I'm signing a lease on an apartment in another city, about three hours away. I've seen the place, but I'm not able to trek out there to sign the lease in person before our rental period begins (May 1).

The landcouple has asked us to mail them the check for the first month's rent and the deposit, and they'll email the lease to us on receipt of our payment.

Frankly, this sounds backward to me. Can they insist on collecting rent before signing the contract? (It really seems like the answer to that question should be no.)

The apartment is in Washington state.

  • The question seems backward to me. Are you asking if there is a law that forbids someone from asking you to send them money? (Personally, I wouldn't send someone money without a clear contract governing the counterparty's obligations, but I'm having trouble thinking of a case where it would be illegal for someone to ask for money.)
    – feetwet
    Commented Apr 29, 2016 at 16:10
  • It might be legal, but if it makes you uncomfortable, you should find other accommodations. I would. Perhaps you can negotiate a different agreement with them?
    – Patrick87
    Commented Apr 29, 2016 at 20:27
  • @feetwet my question was more, if I sent them the first month's rent can they run off with it or by sending it does that make some sort of intention clear and form any sort of contract? At any rate, we talked further, and they sent us the lease upon receiving the check, but didn't actually deposit it until we had returned it signed. Commented Apr 29, 2016 at 20:32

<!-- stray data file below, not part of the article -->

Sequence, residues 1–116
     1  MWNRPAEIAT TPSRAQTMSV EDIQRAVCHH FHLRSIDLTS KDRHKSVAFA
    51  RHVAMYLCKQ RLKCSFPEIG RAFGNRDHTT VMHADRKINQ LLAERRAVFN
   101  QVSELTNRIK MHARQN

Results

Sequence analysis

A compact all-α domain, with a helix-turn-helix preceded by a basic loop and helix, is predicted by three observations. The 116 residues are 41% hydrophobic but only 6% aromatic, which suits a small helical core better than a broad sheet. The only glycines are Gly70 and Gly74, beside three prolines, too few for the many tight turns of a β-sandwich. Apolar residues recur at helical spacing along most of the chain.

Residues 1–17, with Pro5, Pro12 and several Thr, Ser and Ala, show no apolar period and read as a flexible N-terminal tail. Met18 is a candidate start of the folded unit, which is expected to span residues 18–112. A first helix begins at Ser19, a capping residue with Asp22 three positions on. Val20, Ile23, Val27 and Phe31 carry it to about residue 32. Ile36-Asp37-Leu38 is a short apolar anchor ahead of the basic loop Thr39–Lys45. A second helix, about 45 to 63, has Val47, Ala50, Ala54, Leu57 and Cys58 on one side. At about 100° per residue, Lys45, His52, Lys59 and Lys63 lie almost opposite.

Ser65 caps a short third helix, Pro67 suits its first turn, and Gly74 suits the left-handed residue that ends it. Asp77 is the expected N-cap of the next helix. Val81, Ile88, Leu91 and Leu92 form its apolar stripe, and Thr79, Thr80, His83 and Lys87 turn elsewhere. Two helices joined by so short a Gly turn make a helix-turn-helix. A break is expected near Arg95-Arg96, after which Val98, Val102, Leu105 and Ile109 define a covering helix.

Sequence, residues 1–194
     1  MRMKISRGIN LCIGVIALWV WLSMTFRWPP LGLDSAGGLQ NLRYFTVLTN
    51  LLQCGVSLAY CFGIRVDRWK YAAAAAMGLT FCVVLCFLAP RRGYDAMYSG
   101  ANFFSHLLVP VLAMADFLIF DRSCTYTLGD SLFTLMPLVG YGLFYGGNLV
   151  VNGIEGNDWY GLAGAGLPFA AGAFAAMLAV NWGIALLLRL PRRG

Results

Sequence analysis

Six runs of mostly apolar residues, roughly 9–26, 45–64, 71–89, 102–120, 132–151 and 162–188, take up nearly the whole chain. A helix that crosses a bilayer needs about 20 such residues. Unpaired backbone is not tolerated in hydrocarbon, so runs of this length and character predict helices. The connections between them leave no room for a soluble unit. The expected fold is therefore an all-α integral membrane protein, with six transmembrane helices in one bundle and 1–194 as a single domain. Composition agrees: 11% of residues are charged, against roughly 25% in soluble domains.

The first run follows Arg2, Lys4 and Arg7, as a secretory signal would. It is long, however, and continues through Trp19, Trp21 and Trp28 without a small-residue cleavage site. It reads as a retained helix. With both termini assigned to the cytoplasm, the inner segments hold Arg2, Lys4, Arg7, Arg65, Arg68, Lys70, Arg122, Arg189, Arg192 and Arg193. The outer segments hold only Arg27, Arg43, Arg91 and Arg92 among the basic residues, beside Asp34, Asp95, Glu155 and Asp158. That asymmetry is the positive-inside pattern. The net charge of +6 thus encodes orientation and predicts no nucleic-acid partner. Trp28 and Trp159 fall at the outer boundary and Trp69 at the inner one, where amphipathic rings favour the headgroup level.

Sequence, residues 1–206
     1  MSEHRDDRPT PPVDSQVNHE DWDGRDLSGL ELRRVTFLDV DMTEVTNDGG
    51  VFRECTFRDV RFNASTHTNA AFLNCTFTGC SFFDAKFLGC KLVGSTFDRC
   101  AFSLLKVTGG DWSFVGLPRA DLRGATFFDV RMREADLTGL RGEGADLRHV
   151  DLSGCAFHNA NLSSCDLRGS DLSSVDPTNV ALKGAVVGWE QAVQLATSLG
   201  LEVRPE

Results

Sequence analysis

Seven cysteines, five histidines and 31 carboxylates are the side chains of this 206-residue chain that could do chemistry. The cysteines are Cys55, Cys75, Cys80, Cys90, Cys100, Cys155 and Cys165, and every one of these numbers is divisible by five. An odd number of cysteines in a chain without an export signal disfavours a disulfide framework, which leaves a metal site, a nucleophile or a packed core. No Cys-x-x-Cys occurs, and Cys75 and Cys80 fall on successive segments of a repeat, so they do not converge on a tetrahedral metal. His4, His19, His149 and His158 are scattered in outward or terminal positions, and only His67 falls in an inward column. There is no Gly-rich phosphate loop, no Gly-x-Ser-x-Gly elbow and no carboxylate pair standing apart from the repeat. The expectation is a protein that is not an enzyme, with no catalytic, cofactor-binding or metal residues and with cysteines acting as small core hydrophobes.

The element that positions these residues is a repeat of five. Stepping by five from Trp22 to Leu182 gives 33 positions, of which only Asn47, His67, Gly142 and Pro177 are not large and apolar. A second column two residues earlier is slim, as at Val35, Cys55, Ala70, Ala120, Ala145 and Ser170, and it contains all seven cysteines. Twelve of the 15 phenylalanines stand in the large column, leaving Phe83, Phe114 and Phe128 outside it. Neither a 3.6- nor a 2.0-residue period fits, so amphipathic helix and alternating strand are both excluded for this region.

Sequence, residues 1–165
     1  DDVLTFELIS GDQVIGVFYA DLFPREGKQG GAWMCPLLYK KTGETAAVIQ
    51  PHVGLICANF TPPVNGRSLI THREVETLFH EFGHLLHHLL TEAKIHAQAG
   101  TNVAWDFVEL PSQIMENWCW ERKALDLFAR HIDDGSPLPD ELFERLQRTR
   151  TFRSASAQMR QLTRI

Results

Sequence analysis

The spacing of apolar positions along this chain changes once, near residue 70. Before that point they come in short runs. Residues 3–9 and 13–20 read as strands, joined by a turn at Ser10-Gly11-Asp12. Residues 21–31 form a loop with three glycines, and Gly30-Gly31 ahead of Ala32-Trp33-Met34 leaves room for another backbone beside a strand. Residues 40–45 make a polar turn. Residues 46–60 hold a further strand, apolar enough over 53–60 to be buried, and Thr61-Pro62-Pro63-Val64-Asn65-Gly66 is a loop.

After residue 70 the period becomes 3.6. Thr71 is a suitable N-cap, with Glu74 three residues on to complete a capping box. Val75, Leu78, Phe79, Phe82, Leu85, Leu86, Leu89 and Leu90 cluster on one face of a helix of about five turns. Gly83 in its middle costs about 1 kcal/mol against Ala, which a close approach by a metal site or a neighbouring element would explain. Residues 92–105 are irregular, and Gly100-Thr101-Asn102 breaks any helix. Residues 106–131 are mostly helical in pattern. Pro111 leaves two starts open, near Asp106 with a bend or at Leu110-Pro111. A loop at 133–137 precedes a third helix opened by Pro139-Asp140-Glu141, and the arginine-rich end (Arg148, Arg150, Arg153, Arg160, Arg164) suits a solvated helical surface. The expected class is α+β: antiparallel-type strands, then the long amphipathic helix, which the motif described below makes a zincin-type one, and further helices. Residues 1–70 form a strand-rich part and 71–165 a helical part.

• We went online and saw they had owned the property for north of a decade and decided the risk was low, especially considering we were taking over a lease. Commented Apr 29, 2016 at 20:34
  • People can always run off with money. And the people who do that probably aren't going to be deterred from doing so by the presence of a contract saying that can't!
    – feetwet
    Commented Apr 29, 2016 at 21:27

1 Answer 1


According to RCW 59.18.253, they may not charge a deposit to put you on a waiting list (and it doesn't sound like they are). They may require a deposit to hold the unit once it has been offered to you, and they have to put in writing the conditions under which they get to keep that deposit. The question is whether they have offered the unit to you (an offer is distinct from and prior to signing the lease). If so, this is directly allowed by law, but it is different from a security deposit. There is no legal prohibition against requiring a person to first hand over the security deposit, with your and their signature on the lease following (since the landlord is required by law to provide a copy of the lease to the tenant, the landlord needs to be the last one to sign). It is possible, but not highly likely, that there is a relevant municipal ordinance in Seattle.

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